It’s tempting to say that London, in the video below, is “getting back to normal”. But that’s not quite right, is it?

For one thing, though the United Kingdom is many months ahead of where Ireland is at (and, if the zero Covid people get their way, many years ahead of where we are at), life still hasn’t returned fully to normal. These people are partying in the street because, well, indoor partying is still verboten under this phase of the UK’s great re-opening plan. It’ll be later in the summer before the revelry moves indoors.

For another thing, though, were these kinds of scenes ever truly normal, even in Soho, on a Monday night? It’s doubtful.

What you’re seeing there, most likely, is an outpouring of relief and joy. New Social Democrat signing Colette Browne summed it up nicely, for my money: “VE Day”, she tweeted:

VE day, of course, was celebrated after the surrender of the Germans in World War Two. Then, as now, people who had had basically no kind of normal life for six long years poured into the streets to drink and party and celebrate the end of a lengthy period of sacrifice and suffering and lost lives. Without having lived through VE day, it’s hard to say how similar this is, but it sure feels similar.

All accomplished, of course, with the Astrazenica vaccine. About half of the UK’s vaccinations have been the Astra jab – the other half have been Pfizer. On the day that the UK opened up, Ireland suspended the Astra jab for pretty much everybody. There, now, is a study in contrasts.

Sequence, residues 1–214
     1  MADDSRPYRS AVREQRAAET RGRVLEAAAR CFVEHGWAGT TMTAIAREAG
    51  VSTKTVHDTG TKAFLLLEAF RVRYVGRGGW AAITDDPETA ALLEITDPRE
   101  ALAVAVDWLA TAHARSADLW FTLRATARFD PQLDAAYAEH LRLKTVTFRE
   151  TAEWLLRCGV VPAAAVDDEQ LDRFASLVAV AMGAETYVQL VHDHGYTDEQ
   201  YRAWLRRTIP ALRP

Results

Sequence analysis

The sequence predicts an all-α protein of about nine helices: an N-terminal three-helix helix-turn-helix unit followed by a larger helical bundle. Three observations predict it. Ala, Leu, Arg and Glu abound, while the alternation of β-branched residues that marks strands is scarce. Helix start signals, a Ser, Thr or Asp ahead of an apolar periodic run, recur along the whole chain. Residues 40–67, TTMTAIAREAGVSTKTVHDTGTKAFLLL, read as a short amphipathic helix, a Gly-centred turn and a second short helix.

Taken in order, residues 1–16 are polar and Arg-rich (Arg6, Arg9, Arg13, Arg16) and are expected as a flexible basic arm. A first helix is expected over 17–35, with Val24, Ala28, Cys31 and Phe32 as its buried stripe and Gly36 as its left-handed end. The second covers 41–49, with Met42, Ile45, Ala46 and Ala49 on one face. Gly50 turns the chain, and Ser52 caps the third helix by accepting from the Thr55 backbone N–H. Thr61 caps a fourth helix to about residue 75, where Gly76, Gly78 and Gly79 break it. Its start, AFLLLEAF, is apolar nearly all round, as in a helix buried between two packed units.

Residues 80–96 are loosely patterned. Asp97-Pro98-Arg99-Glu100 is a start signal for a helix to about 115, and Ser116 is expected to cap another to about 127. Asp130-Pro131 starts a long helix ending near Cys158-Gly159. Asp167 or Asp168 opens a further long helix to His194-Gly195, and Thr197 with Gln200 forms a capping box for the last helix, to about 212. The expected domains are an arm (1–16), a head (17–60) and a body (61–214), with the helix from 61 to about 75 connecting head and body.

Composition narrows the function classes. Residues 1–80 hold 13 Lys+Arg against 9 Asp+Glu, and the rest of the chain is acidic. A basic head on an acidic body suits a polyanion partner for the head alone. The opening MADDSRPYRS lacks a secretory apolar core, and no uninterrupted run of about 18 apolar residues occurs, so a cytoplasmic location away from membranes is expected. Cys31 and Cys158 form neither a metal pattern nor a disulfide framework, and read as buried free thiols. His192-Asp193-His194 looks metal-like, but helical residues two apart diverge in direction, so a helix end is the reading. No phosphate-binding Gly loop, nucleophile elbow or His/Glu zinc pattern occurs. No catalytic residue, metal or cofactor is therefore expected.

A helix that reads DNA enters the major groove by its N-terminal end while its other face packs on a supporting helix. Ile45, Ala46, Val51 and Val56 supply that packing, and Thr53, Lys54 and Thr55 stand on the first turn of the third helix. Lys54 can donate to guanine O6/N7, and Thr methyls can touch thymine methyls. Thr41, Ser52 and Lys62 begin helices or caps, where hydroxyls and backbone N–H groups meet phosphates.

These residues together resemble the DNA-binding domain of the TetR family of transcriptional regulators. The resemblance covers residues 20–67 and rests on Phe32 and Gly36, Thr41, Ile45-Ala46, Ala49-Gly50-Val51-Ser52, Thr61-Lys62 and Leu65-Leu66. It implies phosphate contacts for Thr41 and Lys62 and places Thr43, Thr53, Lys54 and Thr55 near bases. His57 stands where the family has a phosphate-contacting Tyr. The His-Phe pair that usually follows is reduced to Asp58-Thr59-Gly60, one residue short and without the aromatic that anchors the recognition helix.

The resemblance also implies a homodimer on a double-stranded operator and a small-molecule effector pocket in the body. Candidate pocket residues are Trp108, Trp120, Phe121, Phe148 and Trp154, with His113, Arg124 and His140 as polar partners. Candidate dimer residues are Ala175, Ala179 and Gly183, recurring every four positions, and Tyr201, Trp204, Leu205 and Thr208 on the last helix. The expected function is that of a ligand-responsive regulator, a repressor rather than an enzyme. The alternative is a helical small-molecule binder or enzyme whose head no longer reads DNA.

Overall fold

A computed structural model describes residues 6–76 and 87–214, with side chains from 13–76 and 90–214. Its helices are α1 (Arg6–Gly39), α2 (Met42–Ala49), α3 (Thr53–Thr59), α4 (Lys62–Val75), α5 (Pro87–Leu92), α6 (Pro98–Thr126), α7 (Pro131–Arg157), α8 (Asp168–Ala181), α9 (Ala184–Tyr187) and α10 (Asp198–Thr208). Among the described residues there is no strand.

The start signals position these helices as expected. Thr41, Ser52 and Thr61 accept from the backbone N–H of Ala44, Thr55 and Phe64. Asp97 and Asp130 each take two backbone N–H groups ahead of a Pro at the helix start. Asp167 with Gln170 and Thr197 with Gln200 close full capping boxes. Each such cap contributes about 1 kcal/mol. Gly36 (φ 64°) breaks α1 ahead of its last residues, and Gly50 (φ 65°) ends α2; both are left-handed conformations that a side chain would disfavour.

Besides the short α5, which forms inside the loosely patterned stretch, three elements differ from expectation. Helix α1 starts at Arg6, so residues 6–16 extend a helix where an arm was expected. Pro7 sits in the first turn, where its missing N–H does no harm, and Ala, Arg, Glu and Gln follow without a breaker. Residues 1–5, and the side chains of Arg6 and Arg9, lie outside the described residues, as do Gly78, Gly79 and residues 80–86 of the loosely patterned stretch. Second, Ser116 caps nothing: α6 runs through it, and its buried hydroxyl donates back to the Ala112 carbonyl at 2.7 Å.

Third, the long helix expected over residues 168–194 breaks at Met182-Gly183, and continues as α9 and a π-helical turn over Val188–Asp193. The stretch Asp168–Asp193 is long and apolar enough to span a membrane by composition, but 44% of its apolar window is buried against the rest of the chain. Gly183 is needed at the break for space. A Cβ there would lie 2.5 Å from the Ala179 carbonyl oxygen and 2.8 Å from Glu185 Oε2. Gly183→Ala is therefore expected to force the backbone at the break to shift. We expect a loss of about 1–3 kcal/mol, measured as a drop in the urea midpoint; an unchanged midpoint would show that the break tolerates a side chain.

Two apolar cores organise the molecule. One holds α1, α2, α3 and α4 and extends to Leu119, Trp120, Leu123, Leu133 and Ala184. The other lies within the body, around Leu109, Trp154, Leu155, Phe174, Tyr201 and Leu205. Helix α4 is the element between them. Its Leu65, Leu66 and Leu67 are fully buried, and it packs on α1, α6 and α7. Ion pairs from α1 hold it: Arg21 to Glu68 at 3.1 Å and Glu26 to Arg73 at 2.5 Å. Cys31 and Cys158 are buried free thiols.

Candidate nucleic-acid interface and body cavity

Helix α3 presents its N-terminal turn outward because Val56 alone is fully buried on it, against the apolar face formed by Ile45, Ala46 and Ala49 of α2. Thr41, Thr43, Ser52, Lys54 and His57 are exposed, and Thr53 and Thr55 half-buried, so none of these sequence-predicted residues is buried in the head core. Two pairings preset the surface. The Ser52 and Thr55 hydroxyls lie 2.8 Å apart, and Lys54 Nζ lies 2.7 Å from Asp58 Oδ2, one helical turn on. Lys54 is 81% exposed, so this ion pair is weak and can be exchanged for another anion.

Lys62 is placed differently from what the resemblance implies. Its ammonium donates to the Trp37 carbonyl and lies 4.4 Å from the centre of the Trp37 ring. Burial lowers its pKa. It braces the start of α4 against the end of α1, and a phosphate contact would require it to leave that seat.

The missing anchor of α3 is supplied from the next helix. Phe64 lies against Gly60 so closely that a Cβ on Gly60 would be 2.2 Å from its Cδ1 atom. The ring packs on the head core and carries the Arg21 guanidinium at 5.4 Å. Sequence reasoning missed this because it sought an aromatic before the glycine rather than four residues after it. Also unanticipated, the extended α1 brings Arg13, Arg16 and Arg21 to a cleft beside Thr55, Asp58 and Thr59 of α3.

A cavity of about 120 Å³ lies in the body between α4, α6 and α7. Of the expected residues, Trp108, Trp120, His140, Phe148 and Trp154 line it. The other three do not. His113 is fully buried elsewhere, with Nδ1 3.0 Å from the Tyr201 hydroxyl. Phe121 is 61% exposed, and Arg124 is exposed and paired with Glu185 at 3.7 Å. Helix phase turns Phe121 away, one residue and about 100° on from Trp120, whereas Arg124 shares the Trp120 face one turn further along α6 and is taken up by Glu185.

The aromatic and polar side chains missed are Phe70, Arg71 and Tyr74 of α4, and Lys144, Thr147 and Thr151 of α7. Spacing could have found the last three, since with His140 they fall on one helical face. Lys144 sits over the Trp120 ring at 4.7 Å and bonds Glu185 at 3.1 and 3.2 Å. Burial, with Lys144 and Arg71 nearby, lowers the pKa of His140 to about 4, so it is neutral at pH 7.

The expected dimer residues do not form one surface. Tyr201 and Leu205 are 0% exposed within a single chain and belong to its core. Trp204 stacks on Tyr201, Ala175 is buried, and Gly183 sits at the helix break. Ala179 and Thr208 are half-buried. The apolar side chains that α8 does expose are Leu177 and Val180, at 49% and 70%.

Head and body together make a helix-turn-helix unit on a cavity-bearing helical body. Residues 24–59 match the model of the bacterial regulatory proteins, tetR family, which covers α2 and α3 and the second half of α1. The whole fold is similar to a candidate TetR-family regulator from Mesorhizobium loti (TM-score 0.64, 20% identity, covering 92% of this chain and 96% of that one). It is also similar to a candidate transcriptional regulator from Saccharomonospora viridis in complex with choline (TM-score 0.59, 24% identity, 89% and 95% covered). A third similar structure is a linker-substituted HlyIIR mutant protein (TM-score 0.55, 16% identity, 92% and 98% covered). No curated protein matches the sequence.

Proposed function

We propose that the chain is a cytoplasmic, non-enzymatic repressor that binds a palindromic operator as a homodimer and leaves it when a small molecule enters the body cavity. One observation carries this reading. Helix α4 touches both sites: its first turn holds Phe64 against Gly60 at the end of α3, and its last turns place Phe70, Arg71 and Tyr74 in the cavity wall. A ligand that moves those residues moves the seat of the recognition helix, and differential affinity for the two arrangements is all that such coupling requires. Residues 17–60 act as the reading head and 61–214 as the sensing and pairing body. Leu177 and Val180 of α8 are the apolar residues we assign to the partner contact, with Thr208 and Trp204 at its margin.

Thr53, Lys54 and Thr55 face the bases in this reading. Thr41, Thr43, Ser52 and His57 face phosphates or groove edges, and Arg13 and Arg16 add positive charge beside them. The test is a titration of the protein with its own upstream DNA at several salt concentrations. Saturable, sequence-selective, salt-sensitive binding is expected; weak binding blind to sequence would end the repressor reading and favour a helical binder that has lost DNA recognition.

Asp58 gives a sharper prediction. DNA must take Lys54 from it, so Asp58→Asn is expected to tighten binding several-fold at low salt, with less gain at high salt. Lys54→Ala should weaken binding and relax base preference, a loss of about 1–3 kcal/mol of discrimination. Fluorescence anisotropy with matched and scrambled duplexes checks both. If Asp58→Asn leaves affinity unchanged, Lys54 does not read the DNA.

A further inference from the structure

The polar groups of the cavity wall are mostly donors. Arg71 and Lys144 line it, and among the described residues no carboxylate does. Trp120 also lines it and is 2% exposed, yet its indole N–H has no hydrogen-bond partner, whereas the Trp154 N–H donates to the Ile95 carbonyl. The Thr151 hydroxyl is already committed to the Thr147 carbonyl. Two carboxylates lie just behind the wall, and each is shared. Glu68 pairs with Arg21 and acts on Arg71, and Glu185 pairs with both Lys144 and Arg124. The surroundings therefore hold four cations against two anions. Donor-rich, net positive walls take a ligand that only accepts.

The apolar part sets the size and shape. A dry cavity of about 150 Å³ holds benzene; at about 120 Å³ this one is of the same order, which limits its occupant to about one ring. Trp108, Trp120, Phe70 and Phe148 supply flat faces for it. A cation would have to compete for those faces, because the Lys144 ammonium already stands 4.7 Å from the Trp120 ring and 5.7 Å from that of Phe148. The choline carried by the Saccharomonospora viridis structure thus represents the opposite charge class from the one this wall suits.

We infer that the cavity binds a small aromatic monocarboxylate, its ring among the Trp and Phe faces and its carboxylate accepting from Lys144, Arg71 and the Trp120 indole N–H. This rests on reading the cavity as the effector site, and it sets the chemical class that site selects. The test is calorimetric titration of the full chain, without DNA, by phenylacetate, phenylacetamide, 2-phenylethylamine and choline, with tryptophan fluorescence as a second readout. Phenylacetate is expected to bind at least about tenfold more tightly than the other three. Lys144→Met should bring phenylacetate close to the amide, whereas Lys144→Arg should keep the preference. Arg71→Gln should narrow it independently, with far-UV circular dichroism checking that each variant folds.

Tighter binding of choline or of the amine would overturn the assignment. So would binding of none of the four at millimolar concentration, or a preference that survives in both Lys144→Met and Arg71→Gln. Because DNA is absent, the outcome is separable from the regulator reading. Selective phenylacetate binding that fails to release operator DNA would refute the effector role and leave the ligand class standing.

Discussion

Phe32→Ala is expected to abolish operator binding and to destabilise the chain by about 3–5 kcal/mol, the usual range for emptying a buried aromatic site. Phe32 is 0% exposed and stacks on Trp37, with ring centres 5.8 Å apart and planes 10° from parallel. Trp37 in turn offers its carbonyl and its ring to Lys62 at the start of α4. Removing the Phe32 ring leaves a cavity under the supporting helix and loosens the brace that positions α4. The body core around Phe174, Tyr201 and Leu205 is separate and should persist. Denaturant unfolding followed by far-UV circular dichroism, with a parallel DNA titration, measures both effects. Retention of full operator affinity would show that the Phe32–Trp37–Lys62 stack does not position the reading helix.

Of course, these scenes should give us hope. Not just because the Irish Government will get us there someday itself, but because these scenes will make it much harder for them to delay. Irish people might be unwilling to take a chance on the Texans or the Floridians or the Swedes being right, but the sight of the bloody British getting more freedoms than we have will light a fire under Irish voters that will be hard to extinguish.

It is not just one day, you see. There are going to be weeks and weeks of this. The party has started in the UK, and you can probably put good money on it lasting for most of the summer. Ireland does not presently plan to re-open hospitality until mid-summer at the very earliest, and NPHET are said to be privately shaky even about that. Ireland closed while Britain parties is a recipe for political pressure like we have not seen to date.

And of course, it’s just mainland Britain for now. What about Northern Ireland? 800,000 people have been vaccinated up there, and unionism, at least, won’t be very keen to keep the place closed to convenience the Dublin Government’s slow-coach approach to re-opening. At some point in the next few months, the Irish Government will face the problem situation where Irish people can’t go to the pub in Dublin, but can go to one in Newry or Armagh or Belfast. When that happens, they’re going to make an absolute fortune at the M1 toll plaza.

Boris Johnson lifted the worst of Britain’s lockdown yesterday. But he did more than that: Though they’ll never be able to admit it, he also set the clock ticking on Ireland’s lockdown, and the Dublin Government is going to have to act, before the people act for it.